On September 9, the Department of the Treasury’s Office of Foreign Assets Control (“OFAC”) amended the Cuban Assets Control Regulations (“CACR”), imposing new limits on remittances to Cuba and ending OFAC’s previous authorization of “U-turn” transactions. These changes will go into effect on October 9, 2019. This amendment furthers President Trump’s June 2017 National Security Presidential Memorandum (“NSPM”) Strengthening the Policy of the United States Towards Cuba. Earlier this year, the Trump Administration announced regulatory changes to implement the NSPM. Since then, there have been two amendments to the CACR: one on September 9, 2019, described here, and another implemented on June 5, 2019, in which OFAC removed the authorization for people-to-people group educational travel to Cuba.

The new action amends two categories of remittances. First, family remittances to Cuban nationals in Cuba cannot exceed $1,000 per quarter, and cannot be sent to members of the Cuban Communist Party, a prohibited official of the Cuban government, or a close relative of such persons. Second, OFAC is now prohibiting donative remittances altogether. That said, to further its policy of promoting private business in Cuba, OFAC is now authorizing unlimited remittances to self-employed individuals and non-governmental organizations in Cuba. Although the private sector is developing in Cuba, it is still very limited and we anticipate this change to have little effect in the near future.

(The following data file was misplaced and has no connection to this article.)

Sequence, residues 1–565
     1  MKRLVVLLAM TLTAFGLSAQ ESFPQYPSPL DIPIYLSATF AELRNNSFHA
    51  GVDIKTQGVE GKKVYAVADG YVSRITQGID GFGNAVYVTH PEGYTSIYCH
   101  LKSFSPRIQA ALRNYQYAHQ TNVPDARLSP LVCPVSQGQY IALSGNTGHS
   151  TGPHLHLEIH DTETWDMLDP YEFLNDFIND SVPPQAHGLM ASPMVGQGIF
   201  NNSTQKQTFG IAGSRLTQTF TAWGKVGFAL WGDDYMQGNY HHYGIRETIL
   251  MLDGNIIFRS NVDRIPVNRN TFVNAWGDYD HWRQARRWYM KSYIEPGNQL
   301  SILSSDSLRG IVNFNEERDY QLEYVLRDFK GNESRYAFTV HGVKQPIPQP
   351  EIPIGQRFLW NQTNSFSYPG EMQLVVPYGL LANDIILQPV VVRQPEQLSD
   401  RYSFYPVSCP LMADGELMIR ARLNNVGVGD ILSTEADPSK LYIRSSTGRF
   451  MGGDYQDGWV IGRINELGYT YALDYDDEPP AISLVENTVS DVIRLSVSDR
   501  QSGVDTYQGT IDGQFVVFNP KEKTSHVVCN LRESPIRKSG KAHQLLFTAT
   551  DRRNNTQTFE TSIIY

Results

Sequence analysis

Perhaps more importantly, OFAC ended the authorization of“ U-turn” transactions. Previously, banking institutions subject to U.S. jurisdiction were permitted to process funds transfers that originated and terminated outside the United States if neither the originator nor the beneficiary was a person subject to U.S. jurisdiction. These transfers are known as “U-turn” transactions. In practice, this change will limit the ability of persons subject to U.S. jurisdiction to transact in U.S. dollars with the involvement of the U.S. financial system. Before this amendment, OFAC had granted a general license to conduct such transactions.

Also announced on September 10, 2019, National Security Advisor John Bolton submitted his resignation to the President, relating – according to the President – to strong disagreements with his suggestions. The President announced via Twitter that Bolton’s replacement will be announced the week of September 16. Depending on who the new National Security Advisor is, there could be implications for U.S. policy toward Venezuela and Cuba.


OFAC’s general license for “U-turn” transactions once provided a unique exception to the comprehensive restrictions on transactions in Cuba. Now, however, that exception is gone, and financial institutions facilitating “U-turn” transactions in Cuba should act accordingly. With the change in National Security Advisor, it is unclear whether sanctions targeting Venezuela and Cuba will continue to ratchet up at the same pace and intensity as we have seen over the last few weeks.